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32

OCTOBER 2015

|

THE FOREIGN SERVICE JOURNAL

W

hen colleagues first

approached me to

suggest I write for this

issue of

The Foreign

Service Journal

about

my military background

and how it affected

my Foreign Service

career, I was reluctant.

But as I reflected on the subject, I decided I could offer some

observations that might prove useful to the new generation of

Foreign Service personnel who, for the most part, have never

done military service or had much contact with members of the

armed forces.

THE VALUE OF MILITARY TRAINING

FOR DIPLOMATS:

A Personal Story

Understanding our military, its role and its importance in interagency decision-making,

should be a high priority for diplomats—especially for those beginning their careers.

BY GEORGE M . STAPL ES

George M. Staples served from 1981 to 2007 as a Foreign

Service officer after spending eight years in the Air Force

and two years in the private sector. His diplomatic assign-

ments included posts in Central and South America, the

Caribbean, the Middle East and Africa, and at NATO, where he was the

diplomatic adviser to Supreme Allied Commander Europe (SACEUR)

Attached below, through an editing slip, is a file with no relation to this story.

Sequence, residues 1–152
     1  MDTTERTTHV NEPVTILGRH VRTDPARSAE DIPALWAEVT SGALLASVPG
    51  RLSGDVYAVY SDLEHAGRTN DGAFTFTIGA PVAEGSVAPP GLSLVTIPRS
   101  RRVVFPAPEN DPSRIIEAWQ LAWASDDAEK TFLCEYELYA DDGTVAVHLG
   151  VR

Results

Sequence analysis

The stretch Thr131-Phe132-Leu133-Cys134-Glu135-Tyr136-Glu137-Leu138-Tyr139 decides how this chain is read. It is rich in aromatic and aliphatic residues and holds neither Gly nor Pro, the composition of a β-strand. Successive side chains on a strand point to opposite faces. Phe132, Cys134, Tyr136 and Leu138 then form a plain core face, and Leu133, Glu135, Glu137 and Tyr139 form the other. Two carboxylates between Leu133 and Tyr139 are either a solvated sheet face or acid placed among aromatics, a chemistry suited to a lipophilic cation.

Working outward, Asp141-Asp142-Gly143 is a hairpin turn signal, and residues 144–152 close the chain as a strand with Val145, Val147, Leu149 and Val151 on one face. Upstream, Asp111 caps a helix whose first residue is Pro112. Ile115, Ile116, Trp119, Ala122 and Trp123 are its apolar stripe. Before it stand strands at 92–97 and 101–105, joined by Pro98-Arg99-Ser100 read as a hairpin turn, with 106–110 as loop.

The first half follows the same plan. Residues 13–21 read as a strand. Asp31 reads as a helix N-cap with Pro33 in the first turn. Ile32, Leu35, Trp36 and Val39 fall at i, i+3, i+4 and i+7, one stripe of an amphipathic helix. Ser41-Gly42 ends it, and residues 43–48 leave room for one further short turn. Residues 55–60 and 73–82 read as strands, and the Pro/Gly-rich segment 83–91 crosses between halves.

General James Jones. He served as ambassador to Rwanda, Cameroon

and Equatorial Guinea. Ambassador Staples’ last assignment was as

director general of the Foreign Service. He now teaches and consults at

the University of Kentucky’s Patterson School of International Diplo-

macy and Commerce.

I graduated from college in 1970 with a political science

degree—and as a second lieutenant in the U.S. Air Force follow-

ing three years in the Air Force Reserve Officers’ Training Corps.

It was not until later, though, that I realized just how much that

training I’d received, both in AFROTC and during my eight years

as an Air Force officer, would benefit me throughout my State

Department career.

Leadership and Motivation

Many people have the impression, probably from TV and

the movies, that the military services are hierarchal organiza-

tions run by senior officers who give orders to subordinates who

immediately say “Yes, sir!” and then salute and do as they’ve

been told. Nothing could be farther from the truth, however.

While orders or directives are expected to be followed once a

decision has been made, military leaders at all levels are encour-

aged throughout their careers to lead by example, seek the input

from everyone assigned to work on a project, recognize when

a decision isn’t producing the expected results, and have the

courage to bury the ego and correct course. These expectations

place a premium on developing strong interpersonal skills, and

finding ways to acknowledge and reward individuals to generate

unit pride and build teamwork.

Military officers begin from the start of their basic training to

read about and study principles of leadership from both military

and civilian sources. In my college ROTC program the guest

FOCUS

ON CIV-MIL RELATIONS